Biogeography

Tea Parties, Bird Barf, and Rat Skulls

At tea parties, etiquette is key. You need to know which spoon to use, whether to pour the milk or the tea first, and, when a fellow scientist hands you an owl pellet for your research, how to graciously accept it and dissect it right there at the table. Field Museum collections manager Bill Stanley was at a garden tea party in Tanzania when a colleague handed him a coffee can containing an owl pellet for him to study. The hacked-up mass of fur and bones contained the key to a scientific discovery—the skull of a rat never before seen in the region.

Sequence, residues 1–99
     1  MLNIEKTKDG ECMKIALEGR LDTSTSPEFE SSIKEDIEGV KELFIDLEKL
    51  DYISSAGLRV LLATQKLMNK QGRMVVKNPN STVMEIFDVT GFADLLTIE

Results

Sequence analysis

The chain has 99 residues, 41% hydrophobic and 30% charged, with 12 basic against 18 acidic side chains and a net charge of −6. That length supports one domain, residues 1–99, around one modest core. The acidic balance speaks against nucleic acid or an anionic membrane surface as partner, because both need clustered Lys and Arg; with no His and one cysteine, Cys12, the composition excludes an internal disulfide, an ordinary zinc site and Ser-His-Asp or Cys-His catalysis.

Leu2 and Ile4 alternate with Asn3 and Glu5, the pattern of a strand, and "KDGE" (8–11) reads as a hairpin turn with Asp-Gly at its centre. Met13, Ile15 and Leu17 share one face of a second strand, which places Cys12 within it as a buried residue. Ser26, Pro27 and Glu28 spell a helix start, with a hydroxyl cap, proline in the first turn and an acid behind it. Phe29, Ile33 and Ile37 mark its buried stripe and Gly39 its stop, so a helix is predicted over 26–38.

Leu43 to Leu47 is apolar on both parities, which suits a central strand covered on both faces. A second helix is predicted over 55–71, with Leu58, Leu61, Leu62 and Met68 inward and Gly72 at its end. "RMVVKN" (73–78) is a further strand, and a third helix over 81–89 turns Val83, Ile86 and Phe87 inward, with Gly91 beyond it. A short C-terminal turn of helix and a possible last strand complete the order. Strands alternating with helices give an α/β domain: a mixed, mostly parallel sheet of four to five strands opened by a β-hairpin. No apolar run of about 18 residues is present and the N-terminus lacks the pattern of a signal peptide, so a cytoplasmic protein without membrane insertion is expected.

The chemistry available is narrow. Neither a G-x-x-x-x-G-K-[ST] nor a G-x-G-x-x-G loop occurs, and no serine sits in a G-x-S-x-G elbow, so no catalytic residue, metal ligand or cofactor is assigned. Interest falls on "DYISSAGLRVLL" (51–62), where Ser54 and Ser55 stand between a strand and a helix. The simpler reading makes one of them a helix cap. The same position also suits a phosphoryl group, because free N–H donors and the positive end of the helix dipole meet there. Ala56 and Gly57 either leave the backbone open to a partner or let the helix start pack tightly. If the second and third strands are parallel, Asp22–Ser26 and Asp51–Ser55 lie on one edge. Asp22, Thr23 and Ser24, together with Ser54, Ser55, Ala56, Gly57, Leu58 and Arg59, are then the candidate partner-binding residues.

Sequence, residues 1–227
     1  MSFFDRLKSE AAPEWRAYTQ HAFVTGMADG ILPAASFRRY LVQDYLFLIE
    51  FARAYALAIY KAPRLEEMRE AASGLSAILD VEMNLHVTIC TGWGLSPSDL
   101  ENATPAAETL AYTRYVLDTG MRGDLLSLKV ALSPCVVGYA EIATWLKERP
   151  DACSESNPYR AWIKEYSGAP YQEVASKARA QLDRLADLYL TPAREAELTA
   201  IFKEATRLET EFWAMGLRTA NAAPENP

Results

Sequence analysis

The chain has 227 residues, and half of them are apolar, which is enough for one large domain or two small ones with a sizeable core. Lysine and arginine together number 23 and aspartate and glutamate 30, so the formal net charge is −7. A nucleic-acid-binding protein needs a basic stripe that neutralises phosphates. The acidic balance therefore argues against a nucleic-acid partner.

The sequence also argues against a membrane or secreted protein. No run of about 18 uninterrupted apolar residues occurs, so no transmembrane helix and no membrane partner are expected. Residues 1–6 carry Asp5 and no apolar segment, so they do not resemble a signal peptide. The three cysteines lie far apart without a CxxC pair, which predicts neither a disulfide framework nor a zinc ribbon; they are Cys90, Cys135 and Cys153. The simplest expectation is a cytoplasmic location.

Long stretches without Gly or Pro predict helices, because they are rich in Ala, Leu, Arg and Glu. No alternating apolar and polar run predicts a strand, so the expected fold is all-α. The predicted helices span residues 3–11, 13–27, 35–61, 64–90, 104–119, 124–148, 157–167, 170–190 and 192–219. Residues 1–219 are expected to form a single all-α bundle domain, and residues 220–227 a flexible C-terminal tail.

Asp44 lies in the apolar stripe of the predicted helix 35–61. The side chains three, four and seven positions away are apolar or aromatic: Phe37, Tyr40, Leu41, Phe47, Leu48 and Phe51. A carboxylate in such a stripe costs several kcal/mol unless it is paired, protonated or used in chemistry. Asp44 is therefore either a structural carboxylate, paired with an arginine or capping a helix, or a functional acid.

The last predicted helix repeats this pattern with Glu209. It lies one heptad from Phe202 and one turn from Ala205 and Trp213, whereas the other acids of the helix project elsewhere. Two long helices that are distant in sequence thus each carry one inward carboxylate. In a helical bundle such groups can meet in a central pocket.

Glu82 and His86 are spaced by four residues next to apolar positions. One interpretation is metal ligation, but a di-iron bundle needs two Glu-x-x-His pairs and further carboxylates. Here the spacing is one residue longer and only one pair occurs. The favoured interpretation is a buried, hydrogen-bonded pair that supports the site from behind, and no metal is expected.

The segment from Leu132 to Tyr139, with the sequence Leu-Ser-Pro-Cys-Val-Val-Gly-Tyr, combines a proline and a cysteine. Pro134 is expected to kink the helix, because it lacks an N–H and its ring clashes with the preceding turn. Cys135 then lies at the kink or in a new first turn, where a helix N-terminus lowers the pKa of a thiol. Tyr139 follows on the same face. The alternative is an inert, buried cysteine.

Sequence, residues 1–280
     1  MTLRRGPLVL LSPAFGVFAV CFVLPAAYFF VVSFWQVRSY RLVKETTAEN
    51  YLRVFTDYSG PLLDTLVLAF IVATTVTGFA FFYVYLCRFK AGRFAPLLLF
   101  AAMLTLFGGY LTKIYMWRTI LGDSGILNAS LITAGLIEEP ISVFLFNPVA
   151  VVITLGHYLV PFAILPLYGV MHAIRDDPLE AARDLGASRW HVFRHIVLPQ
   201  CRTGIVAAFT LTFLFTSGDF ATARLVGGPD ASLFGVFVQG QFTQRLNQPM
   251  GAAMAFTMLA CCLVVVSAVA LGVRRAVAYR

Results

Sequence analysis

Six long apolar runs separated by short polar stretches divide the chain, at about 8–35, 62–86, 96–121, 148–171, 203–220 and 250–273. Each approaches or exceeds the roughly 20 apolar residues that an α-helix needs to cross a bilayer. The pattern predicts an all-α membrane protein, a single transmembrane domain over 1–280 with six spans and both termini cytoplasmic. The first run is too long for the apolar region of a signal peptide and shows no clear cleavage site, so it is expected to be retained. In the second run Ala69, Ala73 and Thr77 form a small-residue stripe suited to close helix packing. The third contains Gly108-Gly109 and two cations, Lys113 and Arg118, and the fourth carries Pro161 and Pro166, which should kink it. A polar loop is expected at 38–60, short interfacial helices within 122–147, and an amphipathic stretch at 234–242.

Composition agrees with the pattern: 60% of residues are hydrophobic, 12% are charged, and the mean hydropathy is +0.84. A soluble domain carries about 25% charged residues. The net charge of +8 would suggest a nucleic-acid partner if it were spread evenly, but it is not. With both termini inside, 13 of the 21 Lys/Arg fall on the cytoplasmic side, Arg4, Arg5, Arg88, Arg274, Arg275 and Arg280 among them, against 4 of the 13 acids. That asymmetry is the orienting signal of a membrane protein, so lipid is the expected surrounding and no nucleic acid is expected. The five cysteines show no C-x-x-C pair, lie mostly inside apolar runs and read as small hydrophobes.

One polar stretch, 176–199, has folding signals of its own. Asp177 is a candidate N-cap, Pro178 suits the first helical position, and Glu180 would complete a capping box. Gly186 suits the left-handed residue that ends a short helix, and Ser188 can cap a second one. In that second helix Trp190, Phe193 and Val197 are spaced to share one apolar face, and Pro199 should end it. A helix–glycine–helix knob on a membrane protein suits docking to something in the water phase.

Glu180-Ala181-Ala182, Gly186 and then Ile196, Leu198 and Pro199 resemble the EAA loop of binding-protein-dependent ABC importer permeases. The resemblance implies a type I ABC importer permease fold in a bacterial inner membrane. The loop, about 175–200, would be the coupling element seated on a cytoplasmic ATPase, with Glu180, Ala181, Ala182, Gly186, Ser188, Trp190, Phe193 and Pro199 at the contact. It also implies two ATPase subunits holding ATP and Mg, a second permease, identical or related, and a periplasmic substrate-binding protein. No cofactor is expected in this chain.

The traveling knot

On 22 May, Rob Curtis discovered a flock of seven Red Knots (Calidris canutus) on Montrose Beach, on Chicago's north side, a beach almost as famous for its birds as its sand. One Red Knot in the Chicago area is unusual, but seven is remarkable. Even more remarkable was that one of the knots--a particularly brightly colored one--had an engraved "flag" on its leg, with a readable alpha-numeric code unique to that individual.

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